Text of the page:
There is increasing recognition that policy-makers need to be provided with the latest and best scientific evidence to ensure policy is better informed. However the dialogue between science and policy is not straightforward, nor free of conflict (JRC and AAAS, 2010). Research- ers may feel a lack of reception from policy-makers for their work, whilst policy-makers may fail to identify relevance in research unless it is highlighted for them (Stone, 2002). This em- phasises the importance of good  ommunication and the role of knowledge brokers in this field (Holmes & Clarke, 2008).

Science for Environment Policy (SfEP) is a weekly electronic news alert targeted at policy- makers across the EU. It disseminates environmental research to 14,000 subscribers and is financially supported by the European Commission. The project has recently expanded to include two new publications that cover emerging, multi-disciplinary and sometimes contro-versial areas of research such as Biodiversity and Health, Plastic Waste and Green Infrastruc- ture. As such, they require ommunication of research that is accessible to policy-makers but also faithful to its scientific roots.

An action research project was initiated to develop these multifaceted publications and explore the process of responsible science communication to policy-makers .The metaphor of an ‘ethical tightrope’ is used to describe the experience science ommunicators can face when finding the balance between communicating research in a format that will have an impact on policy, whilst maintaining its scientific bjectivity and meticulousness.

The research used the new SfEP publications as a platform to conduct in-depth interviews with both scientists (n = 6) and EU policy-makers from DG Environment (n = 6). Participants were asked about the use of research in policy-making, the qualities that make research valuable to policy and the advantages and  isadvantages of using a professional science com-munication service.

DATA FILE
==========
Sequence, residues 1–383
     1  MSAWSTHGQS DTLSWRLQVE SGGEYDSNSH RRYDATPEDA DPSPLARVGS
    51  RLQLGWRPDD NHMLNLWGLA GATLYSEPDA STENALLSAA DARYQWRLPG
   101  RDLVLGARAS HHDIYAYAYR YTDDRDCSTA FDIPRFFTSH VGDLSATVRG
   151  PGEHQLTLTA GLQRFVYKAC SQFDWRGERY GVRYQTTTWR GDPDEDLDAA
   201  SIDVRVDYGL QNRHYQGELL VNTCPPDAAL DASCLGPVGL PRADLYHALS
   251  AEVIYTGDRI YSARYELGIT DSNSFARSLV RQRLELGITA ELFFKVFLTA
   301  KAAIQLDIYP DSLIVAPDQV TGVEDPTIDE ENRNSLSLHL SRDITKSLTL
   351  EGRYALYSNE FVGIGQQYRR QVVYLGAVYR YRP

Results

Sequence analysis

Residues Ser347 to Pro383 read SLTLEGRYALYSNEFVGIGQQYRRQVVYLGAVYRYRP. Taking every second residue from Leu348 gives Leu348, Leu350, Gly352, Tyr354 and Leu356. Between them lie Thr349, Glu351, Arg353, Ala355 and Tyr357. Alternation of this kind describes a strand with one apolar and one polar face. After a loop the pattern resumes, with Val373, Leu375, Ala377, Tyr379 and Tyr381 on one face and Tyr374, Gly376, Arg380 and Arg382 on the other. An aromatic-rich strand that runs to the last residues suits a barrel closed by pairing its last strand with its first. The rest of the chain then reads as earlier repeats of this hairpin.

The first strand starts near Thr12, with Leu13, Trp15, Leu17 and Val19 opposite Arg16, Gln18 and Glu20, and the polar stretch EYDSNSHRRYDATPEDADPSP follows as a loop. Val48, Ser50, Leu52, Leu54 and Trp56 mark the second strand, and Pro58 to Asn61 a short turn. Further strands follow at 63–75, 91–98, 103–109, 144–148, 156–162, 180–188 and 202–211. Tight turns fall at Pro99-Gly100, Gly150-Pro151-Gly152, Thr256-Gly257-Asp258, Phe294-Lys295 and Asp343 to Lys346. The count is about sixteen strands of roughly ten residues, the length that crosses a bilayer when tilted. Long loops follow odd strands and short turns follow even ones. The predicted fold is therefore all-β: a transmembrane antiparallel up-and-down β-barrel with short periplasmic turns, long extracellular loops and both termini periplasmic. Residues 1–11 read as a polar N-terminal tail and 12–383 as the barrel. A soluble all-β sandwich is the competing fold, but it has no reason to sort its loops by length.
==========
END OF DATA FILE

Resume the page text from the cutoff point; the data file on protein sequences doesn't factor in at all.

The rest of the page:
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Walking the ethical tightrope between science and policy
Responsible communication of scientific research to policy-makers

Franca Davenport   Science for Environment Policy, University of the West of England Introduction

There is increasing recognition that policy-makers need to be provided with the latest and best scientific evidence to ensure policy is better informed. However the dialogue between science and policy is not straightforward, nor free of conflict (JRC and AAAS, 2010). Research- ers may feel a lack of reception from policy-makers for their work, whilst policy-makers may fail to identify relevance in research unless it is highlighted for them (Stone, 2002). This em- phasises the importance of good  ommunication and the role of knowledge brokers in this field (Holmes & Clarke, 2008).

Science for Environment Policy (SfEP) is a weekly electronic news alert targeted at policy- makers across the EU. It disseminates environmental research to 14,000 subscribers and is financially supported by the European Commission. The project has recently expanded to include two new publications that cover emerging, multi-disciplinary and sometimes contro-versial areas of research such as Biodiversity and Health, Plastic Waste and Green Infrastruc- ture. As such, they require ommunication of research that is accessible to policy-makers but also faithful to its scientific roots.

An action research project was initiated to develop these multifaceted publications and explore the process of responsible science communication to policy-makers .The metaphor of an ‘ethical tightrope’ is used to describe the experience science ommunicators can face when finding the balance between communicating research in a format that will have an impact on policy, whilst maintaining its scientific bjectivity and meticulousness.

The research used the new SfEP publications as a platform to conduct in-depth interviews with both scientists (n = 6) and EU policy-makers from DG Environment (n = 6). Participants were asked about the use of research in policy-making, the qualities that make research valuable to policy and the advantages and  isadvantages of using a professional science com-munication service.

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